When one thinks about anthropomorphic foxes, wolves, and bears, Star Fox 64 3D is probably not the first thing that comes to mind. Rather, if you’re anything like me, what you think of is a dimly lit convention center with lots of creepy people walking around in furry animal suits that have mysterious crusty spots on them. Time to get your mind out of the gutter, and into outer space because we’re not talking about yiffing or a furry convention; we’re actually going to talk about the aforementioned game, which came out a couple weeks ago for the Nintendo 3DS. In it, players will guide protagonist Fox McCloud and his team of critters take flight in ships called Arwings, and try to save his solar system from the dastardly plots of an evil scientist known as Andros. Read on to find out how the game handles on the 3DS, and if it’s worth 40 of your hard-earned dollars to play a game you probably already played when it originally released 14 years ago.
In the main story mode of Star Fox 64 3D, you will guide Fox and his posse around a map of the galaxy in their efforts to reach the planet Venom, where Andros resides. There are several paths to Andros’s world, and you will have to become an incredibly skilled Arwing pilot in order to complete every mission the game offers. Getting to Venom via the “easy” path takes about 2 or 3 hours of total gameplay, but you will then likely want to start all over again and try to find the means to access the other missions. If you’ve played any games like Super Mario World, or more recently, New Super Mario Bros. Wii, you will already have a rough idea of how you get these branching paths in the world map. You have to search for an alternate exit in a world, and it is likely to be very challenging to reach. For example, to reach the alternate exit on the Meteo mission, one must hit seven “warp rings” in succession. Each warp ring makes your Arwing go exponentially faster and they are at such odd angles that it will take some super piloting skills to hit all seven and access the alternate mission. Sadly, even these branching paths throughout the levels will not add much depth to this game, and players can easily expect to complete every mission in about ten hours.
Aside from the main story mode, there is also a mulltiplayer mode (which was not played for this review), and a score attack mode. Multiplayer is accomplished via a local wireless connection, and can be done with one game card. You can see each others’ real faces due to the use of the front-facing camera, which may be undesirable if you’re like me and like to wear you kitty cat ears and false whiskers while playing to make for a more immersive experience. Score attack mode is pretty self-explanatory – you simply replay missions, trying to get as high of as core as possible. Unfortunately, no Nintendo WiFi Connection support was included, because some online leader boards or online multiplayer matches would have been awesome and really made this game a lot more valuable in the long run.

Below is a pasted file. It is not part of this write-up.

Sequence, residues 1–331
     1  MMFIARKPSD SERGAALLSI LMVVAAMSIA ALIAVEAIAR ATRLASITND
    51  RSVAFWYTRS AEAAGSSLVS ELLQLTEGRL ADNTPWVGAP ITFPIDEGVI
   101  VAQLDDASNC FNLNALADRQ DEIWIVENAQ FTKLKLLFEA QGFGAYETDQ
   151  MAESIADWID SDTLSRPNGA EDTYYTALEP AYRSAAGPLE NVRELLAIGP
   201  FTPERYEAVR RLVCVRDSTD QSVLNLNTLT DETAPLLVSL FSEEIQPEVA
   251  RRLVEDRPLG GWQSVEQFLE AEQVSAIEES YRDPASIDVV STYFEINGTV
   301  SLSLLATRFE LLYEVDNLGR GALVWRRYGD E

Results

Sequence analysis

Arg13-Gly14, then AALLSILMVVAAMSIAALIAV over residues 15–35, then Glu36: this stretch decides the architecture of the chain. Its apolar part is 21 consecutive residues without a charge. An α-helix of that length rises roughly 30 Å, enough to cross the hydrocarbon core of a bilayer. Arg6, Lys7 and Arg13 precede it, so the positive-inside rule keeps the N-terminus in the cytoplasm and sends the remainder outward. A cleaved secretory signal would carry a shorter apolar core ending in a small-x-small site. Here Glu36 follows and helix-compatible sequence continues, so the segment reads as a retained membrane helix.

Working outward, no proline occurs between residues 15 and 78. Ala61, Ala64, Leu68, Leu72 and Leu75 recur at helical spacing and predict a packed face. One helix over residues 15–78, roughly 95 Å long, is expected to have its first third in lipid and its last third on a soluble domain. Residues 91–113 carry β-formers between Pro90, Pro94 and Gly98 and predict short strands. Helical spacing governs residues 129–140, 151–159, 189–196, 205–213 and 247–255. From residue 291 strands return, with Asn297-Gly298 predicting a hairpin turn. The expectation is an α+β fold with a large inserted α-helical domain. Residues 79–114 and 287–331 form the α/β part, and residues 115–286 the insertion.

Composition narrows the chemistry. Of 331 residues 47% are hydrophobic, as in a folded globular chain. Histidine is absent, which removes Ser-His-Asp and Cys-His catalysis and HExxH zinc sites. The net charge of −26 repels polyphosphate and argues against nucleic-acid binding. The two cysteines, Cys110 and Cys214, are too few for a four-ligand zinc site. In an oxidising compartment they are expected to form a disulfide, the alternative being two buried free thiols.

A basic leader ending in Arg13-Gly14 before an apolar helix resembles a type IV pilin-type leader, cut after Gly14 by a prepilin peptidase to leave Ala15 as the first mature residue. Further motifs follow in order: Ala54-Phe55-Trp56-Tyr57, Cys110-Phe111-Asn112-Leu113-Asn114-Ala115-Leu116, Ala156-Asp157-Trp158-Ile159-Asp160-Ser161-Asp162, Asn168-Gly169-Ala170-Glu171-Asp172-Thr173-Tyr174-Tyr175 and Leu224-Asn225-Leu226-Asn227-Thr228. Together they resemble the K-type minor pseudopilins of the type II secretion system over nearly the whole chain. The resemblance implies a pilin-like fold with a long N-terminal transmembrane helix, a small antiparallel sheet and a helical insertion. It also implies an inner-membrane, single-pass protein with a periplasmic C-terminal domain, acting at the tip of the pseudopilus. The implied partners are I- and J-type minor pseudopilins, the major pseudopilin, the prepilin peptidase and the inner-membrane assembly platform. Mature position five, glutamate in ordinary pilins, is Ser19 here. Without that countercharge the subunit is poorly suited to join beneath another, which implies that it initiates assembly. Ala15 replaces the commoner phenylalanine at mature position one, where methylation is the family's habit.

When settling Fox into the cockpit of his Arwing, you have a lot of different options when it comes to control schemes. There is the traditional N64 controls, and the newer 3DS scheme which is far more intuitive with its button arrangement and allows for use of the 3DS gyroscopes to control the ships in the game. The N64 setup seems really clunky by today’s control scheme standards, but the 3DS one works like a charm. Pressing A for lasers, Y for bombs, X to boost, and B to break was so natural the game only had to give control instructions once and it was remembered throughout the game. Gyroscope control seemed like such a neat idea, but ultimately didn’t pan out.. The amount you have to move the 3DS seems incredibly out of proportion in comparison to how much the ship moves. Also, as you probably already know, the 3D effect on the 3DS requires you to be still and centered, so gyro control isn’t an option if you will be playing with 3D turned on.
The graphical overhaul in Star Fox 64 3D looks awesome, even with the 3D turned off. Colors are brighter, models look crisper, and the framerate is smooth as butter. With the 3D turned on, you will be treated to some of the best looking 3D available on the 3DS so far. There is little to no blurring or ghost images if you get slightly out of your 3D “sweet spot”, and the display offers a level of depth unparalleled even by The Legend of Zelda:The Ocarina of Time 3D The music is great and adds a certain level of campy charm that is appropriate for a game featuring spacefaring people/animal hybrids. The voice acting is a little silly, but the original cast reprised their roles quite well.
If you told me today that I would enjoy playing a game where foxes, bunnies, frogs, and birds pilot spaceships to stop an evil monkey doctor from destroying the galaxy, I would have laughed in your face. However, since I have some nostalgic fondness for Star Fox 64 3D, I was able to have quite a bit of fun with this remake, despite the game’s shallowness or goofy cast of characters. The game’s $39.99 price tag is a little hefty considering the sparse amount of content, but for those looking to relive some of their fond N64 memories, but now on a handheld console and in shiny new 3D, this game is a must-have. If you happen to not like it, I’m sure you could turn a profit re-selling it at your city’s local furry convention.
Star Fox 64 3D
|Great 3D graphics that show off the 3DS's capabilities well, overall the game is pretty fun while it lasts.||Very shallow game, voices can get pretty annoying if you're unable to find campy humor value in them, gyro controls don't work very well, no online functionality in a game that seems perfect for it.|
|Verdict||Star Fox 64 3D is a nice nostalgic gem on the Nintendo 3DS, but with little to offer other than a graphical overhaul it may be difficult to justify the price at this time.|